Impact of the corona crisis. Episode 2: Jumbo Maritime

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Impact of the corona crisis: the story of our clients

In this series Anker Crew Insurance gladly shares stories and experiences of maritime employers. The global impact of the corona crisis is immense for everyone, maritime companies included. The special challenges our maritime clients are facing shows how the corona crisis affects the maritime sector, but also indicates how important shipping is for all of us.

Episode 2: Jumbo Maritime

In this interview with Cees van Tilburg, crew coordinator at Jumbo Maritime, you can read how this company makes sure that every employee is seen for what they’re worth, despite the difficult times. Jumbo is a heavy lift shipping and offshore transportation & installation contractor. The main office is located in Schiedam, The Netherlands.

Many seafarers are currently stuck on board of their ship, since Covid19-measures complicate traveling and crew changes. What is the current situation?

“Crew changes slowly get going at the moment, but in most countries it is still very difficult to sign people off.” The vessels in Jumbo’s fleet don’t sail on a fixed time-schedule, but are part of the so-called ‘tramp trade’. This means the ships are deployed on a project basis, transporting heavy cargo all over the world. Van Tilburg: “Our seafarers know what it‘s like to not know in advance when and where they can be signed off. But currently, the uncertainty is taking too long, even for them. The current pandemic situation sometimes makes it impossible to let people travel home from the ship. There are problems at airports, with obtaining visas and with procedures concerning Covid-19 testing and quarantine.”
“The only thing seafarers currently need, is to go home. Unfortunately, the current situation sometimes makes that close to impossible,” says van Tilburg.

What are you doing to improve this situation?
Jumbo sees her people as vital employees and is treating them as such. Van Tilburg: “Jumbo doesn’t forget anyone. Sometimes our hands and feet are tied, but we are doing everything we can to help.
For years, we have a policy in doing everything we can to make sure that people have a good time on board. Despite the tedious situation for some, the atmosphere on all of our ships is still very good and calm.”
This may also be a result of the way in which van Tilburg and his office-colleagues are communicating with the people who work at sea. “We inform our seafarers as much and as often as we can. People just want to know when they can go home. We do our best to inform them as soon as possible, offering perspective is very important,” says van Tilburg.

Meanwhile, the people at home are not forgotten. For example, the management of Jumbo delivered flowers to the partners of all seafarers who were stuck on their ship, as a token of appreciation and support. To improve communication for seafarers with their loved ones, Jumbo has increased the bandwidth of the internet on all vessels. “The current situation is very difficult for many people, which is why we want to recognize the situation as much as possible and share what is going on,” van Tilburg explains. “By sometimes trying small things, we can hopefully provide some comfort and take away concerns. For example, we ask people on board whether they have enough stock of medicines and other personal consumables such as contact-lenses. We make sure that these things are provided to the crew as soon as possible.”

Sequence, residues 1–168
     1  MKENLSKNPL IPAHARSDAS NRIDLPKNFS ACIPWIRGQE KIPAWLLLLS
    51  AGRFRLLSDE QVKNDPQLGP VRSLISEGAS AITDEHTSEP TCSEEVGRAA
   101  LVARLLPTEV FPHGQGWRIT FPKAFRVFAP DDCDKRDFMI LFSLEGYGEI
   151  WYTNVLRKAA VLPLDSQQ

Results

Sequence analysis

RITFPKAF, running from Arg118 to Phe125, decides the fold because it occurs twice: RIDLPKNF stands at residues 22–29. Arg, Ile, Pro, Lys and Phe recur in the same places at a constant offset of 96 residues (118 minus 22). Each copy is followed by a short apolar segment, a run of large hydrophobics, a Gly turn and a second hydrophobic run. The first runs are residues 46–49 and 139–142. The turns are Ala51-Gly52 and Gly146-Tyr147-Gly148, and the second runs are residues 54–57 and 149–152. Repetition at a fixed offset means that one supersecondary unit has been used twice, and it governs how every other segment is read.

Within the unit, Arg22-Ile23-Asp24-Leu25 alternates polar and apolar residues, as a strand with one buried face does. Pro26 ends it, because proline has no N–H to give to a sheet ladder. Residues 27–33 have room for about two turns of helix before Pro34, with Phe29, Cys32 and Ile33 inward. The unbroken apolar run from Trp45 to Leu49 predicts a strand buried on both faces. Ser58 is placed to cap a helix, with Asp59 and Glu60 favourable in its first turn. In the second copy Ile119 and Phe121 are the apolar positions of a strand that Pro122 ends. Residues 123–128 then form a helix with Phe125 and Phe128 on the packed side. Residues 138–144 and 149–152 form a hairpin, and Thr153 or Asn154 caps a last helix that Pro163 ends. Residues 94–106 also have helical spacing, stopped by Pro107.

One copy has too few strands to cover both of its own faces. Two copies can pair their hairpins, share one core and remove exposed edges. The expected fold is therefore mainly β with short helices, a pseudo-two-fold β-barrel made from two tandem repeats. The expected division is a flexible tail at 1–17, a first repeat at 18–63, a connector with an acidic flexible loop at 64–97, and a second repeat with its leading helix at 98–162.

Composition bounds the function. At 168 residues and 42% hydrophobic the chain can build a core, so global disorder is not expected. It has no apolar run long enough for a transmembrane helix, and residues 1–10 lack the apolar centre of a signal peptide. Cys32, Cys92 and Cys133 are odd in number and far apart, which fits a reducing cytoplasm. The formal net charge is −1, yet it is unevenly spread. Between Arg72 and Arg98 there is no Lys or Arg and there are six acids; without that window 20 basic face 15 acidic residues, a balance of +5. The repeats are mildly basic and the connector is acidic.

Does Jumbo also provide something for the seafarers who are waiting at home?
“When people are at the end of their leave period, we give them the opportunity to get involved in our office projects when available. This not only enriches the function that people have but also brings other advantages,” explains van Tilburg. “Seafarers gain experience working on-shore while contributing to the project with their acquired practical expertise on board. At Jumbo we make no difference between fleet and office staff, we all have the same mission. Of course the duties and type of work that people perform differ, you simply do different work on board than in the office. But we try to involve people as much as possible in the company as a whole.”

Sounds good! Do you also offer training or education as an employer?
“In addition to the mandatory STCW training for seafarers, Jumbo has also been offering so-called ‘Mind Saving Training’ for a number of years now. These external, digital training courses deal with a different theme every month. Various topics such as healthy nutrition, physical exercise and burnout prevention are discussed. Participation of these courses is not mandatory. Some people are more interested in these subjects than others, but we want to give everyone the opportunity to take their advantage of the information. Furthermore, our company does a great deal in the field of innovation and we like to give our people the opportunity to develop in this area,” says van Tilburg.

Finally, do you have any tips for other maritime employers?
“I hope that maritime Dutch employers will be able to work together more in these times of crisis. We are all experiencing the same problems at the moment, let’s make sure we get out of it together. If the market is going to be tight and people are going to be unemployed, let’s make sure that we don’t hijack people from one another, but treat each other with leniency.”

Cees van Tilburg also has a message to the various authorities that deal with seafarers: “It would be a positive turn when the value of the maritime sector is recognized and appreciated. When authorities are willing to think along with us and collaborate, recreating normal working conditions at sea is achievable.”

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